The time to decide is today

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Screenshot of NASA’s home page Friday.

If you’re going to make a trip to an eclipse totality zone, say in Oregon, it’s go time. Here is my article today on how to get it together.

Madras, Ore., already is seeing the influx with a festival just outside town.

The forecast is promising: “Intermountain West still looks like the best viewing conditions, but the area from St. Louis to Nashville is a close second,” writes The Washington Post today.

And if you need any more convincing, here’s a TED Talk on why everyone owes it to themselves to see a total solar eclipse before they die. 

Just go. If you’re not up for a big car trip, get as close as you can to the path of totality. Go outside, put on your protective glasses, and just experience it. If you didn’t get the glasses, grab something with pinholes (a colander, for example.) Place an index card in front of you as the screen. Have your back to the sun and hold the colander beside your head, aiming at the card. Congratulations, you have an instant pinhole projector to watch the eclipse phases.

This is a phenomenon unlike any other. Don’t waste this moment with a normal schedule of a Monday doing mundane things, indoors or in a car.

Here’s a schedule of when it will be in your part of the country. Now you have no excuse for missing it.

Remember the Apollo moon landing. 1969 wasn’t such a jolly year for our country, either. But for that moment, when the astronauts landed, we stopped and watched, in awe.

This is one of those times.

Get outside.

More of my eclipse coverage here.

Why I commute

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The park that is practically in our backyard, one of two state parks less than a few miles from where we live.

When I was a kid, it seemed unheard of the time spent in people’s cars commuting in places like Los Angeles.

Los Angeles is here.

These are my latest articles (for one I partnered with fellow reporter Kate Martin) and what people face on the road working the Olympia-to-Seattle corridor. Some drive from the Oregon border. Daily. Others face shorter commutes, but also see bottlenecks just the same on I-5.  Continue reading “Why I commute”

New job title and a blog reboot

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My favorite place on Earth. Mount Rainier, 2014

Hey, I’m back! Just a quick note that I’m now reporting for my longtime employer, The News Tribune in Tacoma, after working as business section team leader since 2011. Our newsroom is changing, and I asked to change along with it. Here’s my (sort of) first bylined report. I’ve gone by another moniker “Staff Report” in the past when I was section editor and needed to write about gas prices and such.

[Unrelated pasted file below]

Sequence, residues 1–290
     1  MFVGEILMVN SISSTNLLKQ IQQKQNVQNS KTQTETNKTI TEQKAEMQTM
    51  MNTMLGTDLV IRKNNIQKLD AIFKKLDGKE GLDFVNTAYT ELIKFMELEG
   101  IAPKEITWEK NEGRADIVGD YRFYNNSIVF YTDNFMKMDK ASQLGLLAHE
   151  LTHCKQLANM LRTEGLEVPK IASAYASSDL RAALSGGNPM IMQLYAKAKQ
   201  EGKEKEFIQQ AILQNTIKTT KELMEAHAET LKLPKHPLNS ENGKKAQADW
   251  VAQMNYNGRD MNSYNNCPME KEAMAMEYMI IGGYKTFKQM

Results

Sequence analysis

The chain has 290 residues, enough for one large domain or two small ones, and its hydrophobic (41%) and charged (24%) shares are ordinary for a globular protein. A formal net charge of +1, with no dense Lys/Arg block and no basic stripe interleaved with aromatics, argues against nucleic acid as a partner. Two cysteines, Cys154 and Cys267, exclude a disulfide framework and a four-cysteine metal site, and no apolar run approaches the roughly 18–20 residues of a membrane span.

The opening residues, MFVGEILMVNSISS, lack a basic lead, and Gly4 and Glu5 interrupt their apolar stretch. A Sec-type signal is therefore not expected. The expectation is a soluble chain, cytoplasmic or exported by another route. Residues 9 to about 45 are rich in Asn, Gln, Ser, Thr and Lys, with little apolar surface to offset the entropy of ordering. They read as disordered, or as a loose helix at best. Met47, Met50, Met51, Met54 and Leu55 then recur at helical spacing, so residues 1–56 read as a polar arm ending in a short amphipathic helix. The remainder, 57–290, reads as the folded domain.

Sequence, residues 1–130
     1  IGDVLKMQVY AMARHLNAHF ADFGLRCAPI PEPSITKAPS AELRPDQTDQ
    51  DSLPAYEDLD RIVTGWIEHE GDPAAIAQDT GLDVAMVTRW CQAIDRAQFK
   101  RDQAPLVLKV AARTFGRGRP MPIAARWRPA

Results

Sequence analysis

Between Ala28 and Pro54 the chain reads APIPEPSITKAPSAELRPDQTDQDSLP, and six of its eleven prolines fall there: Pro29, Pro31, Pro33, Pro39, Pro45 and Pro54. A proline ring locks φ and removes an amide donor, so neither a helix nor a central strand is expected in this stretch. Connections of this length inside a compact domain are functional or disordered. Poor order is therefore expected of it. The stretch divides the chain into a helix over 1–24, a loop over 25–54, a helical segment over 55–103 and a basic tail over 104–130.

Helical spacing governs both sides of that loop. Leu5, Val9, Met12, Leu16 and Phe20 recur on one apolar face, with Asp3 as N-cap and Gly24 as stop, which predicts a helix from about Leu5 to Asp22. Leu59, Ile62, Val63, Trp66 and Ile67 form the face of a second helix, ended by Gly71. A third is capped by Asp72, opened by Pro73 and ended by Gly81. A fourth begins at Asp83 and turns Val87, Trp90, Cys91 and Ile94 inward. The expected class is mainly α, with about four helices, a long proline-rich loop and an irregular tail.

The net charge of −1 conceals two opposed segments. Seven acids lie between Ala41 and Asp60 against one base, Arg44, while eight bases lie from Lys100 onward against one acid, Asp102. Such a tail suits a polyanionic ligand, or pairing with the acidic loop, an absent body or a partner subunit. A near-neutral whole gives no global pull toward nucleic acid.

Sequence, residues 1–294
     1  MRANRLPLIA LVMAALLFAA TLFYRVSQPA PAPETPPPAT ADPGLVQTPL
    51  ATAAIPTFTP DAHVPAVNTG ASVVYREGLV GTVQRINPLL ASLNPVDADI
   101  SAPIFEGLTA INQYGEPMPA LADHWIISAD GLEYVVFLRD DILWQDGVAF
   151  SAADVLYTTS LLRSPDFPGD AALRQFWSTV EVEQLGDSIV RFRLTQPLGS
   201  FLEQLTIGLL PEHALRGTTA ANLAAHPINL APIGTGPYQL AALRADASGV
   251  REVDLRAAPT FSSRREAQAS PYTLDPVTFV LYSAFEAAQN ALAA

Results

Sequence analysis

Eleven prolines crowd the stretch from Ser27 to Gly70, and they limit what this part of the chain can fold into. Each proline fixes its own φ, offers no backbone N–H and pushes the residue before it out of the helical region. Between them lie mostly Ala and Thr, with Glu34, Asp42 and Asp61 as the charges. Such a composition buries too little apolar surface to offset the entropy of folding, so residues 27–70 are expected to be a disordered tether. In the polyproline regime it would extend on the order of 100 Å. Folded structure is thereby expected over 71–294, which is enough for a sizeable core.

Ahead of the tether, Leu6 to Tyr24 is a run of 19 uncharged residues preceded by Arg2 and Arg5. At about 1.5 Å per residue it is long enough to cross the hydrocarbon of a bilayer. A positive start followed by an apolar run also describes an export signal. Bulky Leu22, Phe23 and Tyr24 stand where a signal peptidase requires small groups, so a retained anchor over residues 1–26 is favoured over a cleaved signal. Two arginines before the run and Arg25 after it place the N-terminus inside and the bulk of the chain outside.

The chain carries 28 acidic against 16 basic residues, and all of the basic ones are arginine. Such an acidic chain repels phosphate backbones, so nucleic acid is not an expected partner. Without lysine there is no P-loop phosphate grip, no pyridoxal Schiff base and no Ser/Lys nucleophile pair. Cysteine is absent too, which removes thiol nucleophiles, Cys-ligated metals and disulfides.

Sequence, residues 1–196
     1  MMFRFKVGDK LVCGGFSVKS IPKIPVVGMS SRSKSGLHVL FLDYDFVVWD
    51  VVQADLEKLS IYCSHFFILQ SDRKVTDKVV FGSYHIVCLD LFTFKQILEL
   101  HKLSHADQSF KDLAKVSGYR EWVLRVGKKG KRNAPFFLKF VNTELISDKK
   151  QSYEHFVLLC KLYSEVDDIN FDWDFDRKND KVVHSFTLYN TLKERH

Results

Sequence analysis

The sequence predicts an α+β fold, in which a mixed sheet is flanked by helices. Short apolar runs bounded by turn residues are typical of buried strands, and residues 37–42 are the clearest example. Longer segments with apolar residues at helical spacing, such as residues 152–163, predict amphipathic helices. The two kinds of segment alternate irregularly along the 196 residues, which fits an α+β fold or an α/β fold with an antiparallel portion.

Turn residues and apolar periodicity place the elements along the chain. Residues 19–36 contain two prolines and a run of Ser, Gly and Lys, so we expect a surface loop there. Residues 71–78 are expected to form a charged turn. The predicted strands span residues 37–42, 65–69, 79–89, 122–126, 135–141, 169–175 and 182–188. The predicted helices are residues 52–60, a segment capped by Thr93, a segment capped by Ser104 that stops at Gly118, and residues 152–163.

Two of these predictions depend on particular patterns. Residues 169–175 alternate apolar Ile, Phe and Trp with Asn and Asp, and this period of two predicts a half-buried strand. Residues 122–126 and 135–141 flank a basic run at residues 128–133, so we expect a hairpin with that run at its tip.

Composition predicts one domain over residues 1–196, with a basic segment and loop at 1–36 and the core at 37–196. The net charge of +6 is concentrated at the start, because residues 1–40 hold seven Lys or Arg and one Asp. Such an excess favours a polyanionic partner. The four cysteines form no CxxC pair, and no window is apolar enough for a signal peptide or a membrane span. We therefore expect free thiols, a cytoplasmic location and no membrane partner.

The story below is not for those fit and trim seniors, of which maybe there are a handful in the country. This is for the rest of us, seniors or not, as a reminder to keep moving and get out there and hike according to your ability like your life depended on it, because it does.

And for the regular readers of this blog (sorry it’s taken so long to get back) I’ve got some catching up to do with you, I realize that. More to come. Soon.

http://www.thenewstribune.com/news/business/article150907722.html

Hiking Multnomah Falls in Oregon

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One of the “smaller” falls at Multnomah Falls park.

Yes, we did. That was my goal after completing some trails at Mount Rainier. Mind you, I’m coming back from years of inactivity, so the video below, when you see me hiking with my trekking poles, it’s because my knees feel way better after the hike when I use them. Continue reading “Hiking Multnomah Falls in Oregon”

Back to the Mountain for a Hike and My Next Challenge: Multnomah Falls

mountain July 20Saturday was a gorgeous day at Mount Rainier. We left our house late, around 11 a.m., and by the time we got to Eatonville the clouds had dissipated, and it was soon a blue-sky day. We then set off for another challenging hike. Continue reading “Back to the Mountain for a Hike and My Next Challenge: Multnomah Falls”

When We Came to the West

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Celia and Jim on the road, 2004

To celebrate our new MacBook Pro, we have been watching Ken Burns “The West.” It’s a documentary series that, like most of Ken Burns’ work, is a time commitment. So far, it’s not been a happy series. Lots of mass slaughter, sneak attacks and plenty of history you are never taught in school because it would leave you fairly traumatized.

We came to Washington state in 2004. We left Kansas City on Halloween and drove the first night to Salina, Kansas, the first place I ever saw Bob Dylan perform years before. That night of the concert, we drove back to Kansas City, never dreaming a few years later Salina would be our launch point for leaving the Midwest forever.

After Salina in our trip to the Northwest, we drove all the way to Rawlins, Wy., and stopped for the night because it was snowing pretty hard and we’d seen some off-the-road pileups starting to occur. Our soundtrack for the trip was Brian Wilson’s remake of “Smile.”

“Light the lamp and fire mellow,
Cabin essence timely hello,
Welcomes the time for a change.” 

I cannot listen to “Cabin Essence” off “Smile” without thinking of that snowy stretch of road.

The next day we drove to Boise, Idaho, then on to Tumwater, Wa. Our first residence was in Tumwater before we eventually settled in Olympia.

And that was it. Our trip was as far removed from Ken Burns’ “The West,” as it gets. We benefited from those wagon trains’ harrowing six-month journeys with a sanitized interstate experience, us and two cats packed in our Mazda staring at the endless ribbon of highway ahead.